Brig. Gen. Judson Kilpatrick and Col. Ulric Dahlgren, CSA
Maj. Gen. Wade Hampton, CSA
Both sides had roughly brigade-sized forces in the campaign; Walkerton was a much smaller engagement.
Circumstances were too confused to keep accurate casualty numbers.
On February 28, Brig. Gen. Judson Kilpatrick left his encampment at Stevensburg with 4,000 picked men to raid Richmond. Col. Ulric Dahlgren, son of Rear Adm. John Dahlgren, commanded an advance force of 500 men. While the main body under Kilpatrick rode along the Virginia Central Railroad tearing up track, Dahlgren rode south to the James River, hoping to cross over, penetrate Richmond’s defenses from the rear, and release Union prisoners at Belle Isle.
Kilpatrick reached the outskirts of Richmond on March 1 and skirmished before the city’s defenses, waiting for Dahlgren to slash through the Confederate flank and open the way for the main column. Dahlgren, however, was delayed, and Kilpatrick lost his nerve and didn’t punch through the thin line. Eventually he withdrew with Confederate cavalry in pursuit. Hampton attacked Kilpatrick near Old Church on the 2nd, but the Federals found refuge with elements of Butler’s command at New Kent Court House. In the meantime, Dahlgren’s men, unable to penetrate Richmond’s defenses, tried to escape pursuit by riding north of the city. Dahlgren’s command became divided, and on March 2 the 200 men who stayed with him were ambushed by a detachment of the 9th Virginia Cavalry and Home Guards near Walkerton, in King and Queen County. Dahlgren was killed and most of his men captured. The other 400 had headed east, and while about 40 were killed or captured in an ambush, the rest rejoined Kilpatrick.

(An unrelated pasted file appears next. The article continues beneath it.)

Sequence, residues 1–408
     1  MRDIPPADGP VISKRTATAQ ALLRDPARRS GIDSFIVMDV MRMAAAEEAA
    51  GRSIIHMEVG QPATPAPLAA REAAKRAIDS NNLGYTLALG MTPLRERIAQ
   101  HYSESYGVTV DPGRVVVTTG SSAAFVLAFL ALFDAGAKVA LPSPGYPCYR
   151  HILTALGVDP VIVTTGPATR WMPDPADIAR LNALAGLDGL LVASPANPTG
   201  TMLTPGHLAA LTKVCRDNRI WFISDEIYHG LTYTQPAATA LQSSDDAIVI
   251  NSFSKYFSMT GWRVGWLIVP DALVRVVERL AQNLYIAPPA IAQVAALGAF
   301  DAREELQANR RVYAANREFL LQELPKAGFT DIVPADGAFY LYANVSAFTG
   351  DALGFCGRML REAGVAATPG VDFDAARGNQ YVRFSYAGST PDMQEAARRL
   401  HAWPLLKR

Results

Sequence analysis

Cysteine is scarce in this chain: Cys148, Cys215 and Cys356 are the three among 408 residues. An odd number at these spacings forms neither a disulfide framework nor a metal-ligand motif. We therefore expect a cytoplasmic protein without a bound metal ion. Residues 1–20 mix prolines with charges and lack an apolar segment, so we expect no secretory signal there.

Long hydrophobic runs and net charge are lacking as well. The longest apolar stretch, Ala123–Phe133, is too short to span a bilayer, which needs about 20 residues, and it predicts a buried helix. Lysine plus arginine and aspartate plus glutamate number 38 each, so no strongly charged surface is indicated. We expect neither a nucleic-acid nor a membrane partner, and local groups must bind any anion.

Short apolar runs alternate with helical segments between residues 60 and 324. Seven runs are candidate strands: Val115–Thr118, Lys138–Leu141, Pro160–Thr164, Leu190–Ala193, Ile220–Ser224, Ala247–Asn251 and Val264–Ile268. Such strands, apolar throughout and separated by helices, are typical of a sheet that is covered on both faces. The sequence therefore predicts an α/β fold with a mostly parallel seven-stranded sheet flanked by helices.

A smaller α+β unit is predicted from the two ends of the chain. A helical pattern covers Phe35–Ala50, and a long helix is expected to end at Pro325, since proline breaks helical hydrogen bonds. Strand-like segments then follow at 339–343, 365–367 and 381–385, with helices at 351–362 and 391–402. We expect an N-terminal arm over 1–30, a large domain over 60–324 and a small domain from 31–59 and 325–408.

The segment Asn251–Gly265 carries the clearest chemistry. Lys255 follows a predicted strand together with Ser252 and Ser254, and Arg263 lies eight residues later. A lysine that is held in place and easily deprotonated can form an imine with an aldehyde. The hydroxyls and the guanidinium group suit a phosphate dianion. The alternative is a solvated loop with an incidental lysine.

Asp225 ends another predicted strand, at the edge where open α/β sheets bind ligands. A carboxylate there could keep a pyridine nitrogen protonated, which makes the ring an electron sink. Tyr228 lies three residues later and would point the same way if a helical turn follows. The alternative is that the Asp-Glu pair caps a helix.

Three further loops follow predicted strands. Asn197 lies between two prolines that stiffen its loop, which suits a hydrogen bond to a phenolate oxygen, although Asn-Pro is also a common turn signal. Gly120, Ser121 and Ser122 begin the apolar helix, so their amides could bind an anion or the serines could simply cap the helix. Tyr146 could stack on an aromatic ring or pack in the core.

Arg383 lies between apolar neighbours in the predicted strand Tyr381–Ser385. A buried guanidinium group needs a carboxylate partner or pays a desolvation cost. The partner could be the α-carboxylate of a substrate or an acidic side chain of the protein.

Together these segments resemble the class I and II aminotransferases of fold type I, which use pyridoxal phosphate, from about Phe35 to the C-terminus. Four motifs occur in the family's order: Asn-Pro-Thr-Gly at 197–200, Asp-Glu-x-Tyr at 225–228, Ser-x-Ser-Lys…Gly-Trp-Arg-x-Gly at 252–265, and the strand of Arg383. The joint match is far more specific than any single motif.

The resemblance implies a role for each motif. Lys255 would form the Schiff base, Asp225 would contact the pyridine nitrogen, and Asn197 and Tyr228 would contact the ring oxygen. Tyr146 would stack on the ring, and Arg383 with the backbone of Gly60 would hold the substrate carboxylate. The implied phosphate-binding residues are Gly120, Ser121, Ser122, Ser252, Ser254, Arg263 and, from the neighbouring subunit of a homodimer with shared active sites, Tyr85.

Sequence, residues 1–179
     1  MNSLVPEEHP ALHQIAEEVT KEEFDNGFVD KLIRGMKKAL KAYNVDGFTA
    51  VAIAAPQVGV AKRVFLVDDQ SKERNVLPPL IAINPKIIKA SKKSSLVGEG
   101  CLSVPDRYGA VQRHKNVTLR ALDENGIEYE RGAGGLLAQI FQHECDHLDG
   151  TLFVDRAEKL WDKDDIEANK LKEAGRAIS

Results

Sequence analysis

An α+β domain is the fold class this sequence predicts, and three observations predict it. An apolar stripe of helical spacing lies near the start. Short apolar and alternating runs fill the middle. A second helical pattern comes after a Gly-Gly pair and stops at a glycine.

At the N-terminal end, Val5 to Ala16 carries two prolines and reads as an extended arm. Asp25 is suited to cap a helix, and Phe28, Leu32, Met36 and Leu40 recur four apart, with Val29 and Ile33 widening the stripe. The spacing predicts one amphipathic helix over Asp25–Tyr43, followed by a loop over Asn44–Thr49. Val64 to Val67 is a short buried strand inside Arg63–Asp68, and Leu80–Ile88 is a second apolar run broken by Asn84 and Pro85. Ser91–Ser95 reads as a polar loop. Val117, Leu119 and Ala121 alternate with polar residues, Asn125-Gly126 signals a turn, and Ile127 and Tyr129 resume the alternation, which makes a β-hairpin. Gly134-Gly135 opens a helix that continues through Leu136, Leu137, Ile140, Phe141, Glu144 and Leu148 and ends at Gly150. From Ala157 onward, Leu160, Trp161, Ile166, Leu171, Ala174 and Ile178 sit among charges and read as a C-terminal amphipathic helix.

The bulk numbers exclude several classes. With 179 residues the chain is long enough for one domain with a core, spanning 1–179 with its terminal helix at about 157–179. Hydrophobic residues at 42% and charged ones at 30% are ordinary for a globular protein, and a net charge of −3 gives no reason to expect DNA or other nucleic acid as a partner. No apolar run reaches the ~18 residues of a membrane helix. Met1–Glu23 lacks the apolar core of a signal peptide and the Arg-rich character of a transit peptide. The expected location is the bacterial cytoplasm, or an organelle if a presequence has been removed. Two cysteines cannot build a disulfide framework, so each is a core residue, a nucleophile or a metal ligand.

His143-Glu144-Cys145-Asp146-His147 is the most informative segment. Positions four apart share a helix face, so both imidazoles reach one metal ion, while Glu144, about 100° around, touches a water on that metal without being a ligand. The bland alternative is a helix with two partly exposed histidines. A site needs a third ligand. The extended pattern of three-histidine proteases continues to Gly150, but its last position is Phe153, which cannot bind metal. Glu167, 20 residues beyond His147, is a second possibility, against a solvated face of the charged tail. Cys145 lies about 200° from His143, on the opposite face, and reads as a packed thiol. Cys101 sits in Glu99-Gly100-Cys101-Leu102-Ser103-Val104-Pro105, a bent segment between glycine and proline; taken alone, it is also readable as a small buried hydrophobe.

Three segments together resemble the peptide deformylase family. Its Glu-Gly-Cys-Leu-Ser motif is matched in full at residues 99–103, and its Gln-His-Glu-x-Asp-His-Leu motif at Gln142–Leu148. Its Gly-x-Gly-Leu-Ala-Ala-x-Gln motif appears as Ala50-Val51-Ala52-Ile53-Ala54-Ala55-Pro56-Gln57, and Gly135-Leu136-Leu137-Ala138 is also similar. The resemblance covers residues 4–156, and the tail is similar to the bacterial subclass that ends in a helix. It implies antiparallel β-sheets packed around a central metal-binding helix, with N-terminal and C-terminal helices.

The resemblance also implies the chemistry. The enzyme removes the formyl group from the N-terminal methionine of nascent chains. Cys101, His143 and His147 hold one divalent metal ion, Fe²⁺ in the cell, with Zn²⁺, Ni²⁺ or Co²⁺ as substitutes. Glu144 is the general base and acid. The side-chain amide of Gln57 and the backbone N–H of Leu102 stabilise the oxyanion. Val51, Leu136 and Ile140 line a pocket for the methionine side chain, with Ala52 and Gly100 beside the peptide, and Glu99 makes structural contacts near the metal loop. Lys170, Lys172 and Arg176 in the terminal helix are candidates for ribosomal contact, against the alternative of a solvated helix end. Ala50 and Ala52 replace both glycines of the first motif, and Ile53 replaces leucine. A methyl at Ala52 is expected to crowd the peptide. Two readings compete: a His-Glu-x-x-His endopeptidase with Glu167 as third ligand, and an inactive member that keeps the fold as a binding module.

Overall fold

Papers were found on Dahlgren’s body ordering him to burn Richmond and assassinate President Jefferson Davis and his cabinet. As could be expected, they caused a political furor. Southerners accused the North of initiating “a war of extermination.” Meade, Kilpatrick, and Lincoln all disavowed any knowledge of the Dahlgren Papers.
Kilpatrick’s reputation was badly damaged, although his immediate superior (Alfred Pleasanton) defended him a bit. There had been a real opportunity to break into Richmond, but Kilpatrick lost his nerve at the crucial moment. If there’s anything a cavalryman needed, it was boldness, and Kilpatrick showed he lacked it – so the military results were almost entirely negative for the North. Kilpatrick was kicked out of the Army of the Potomac, sent west where he served usefully.
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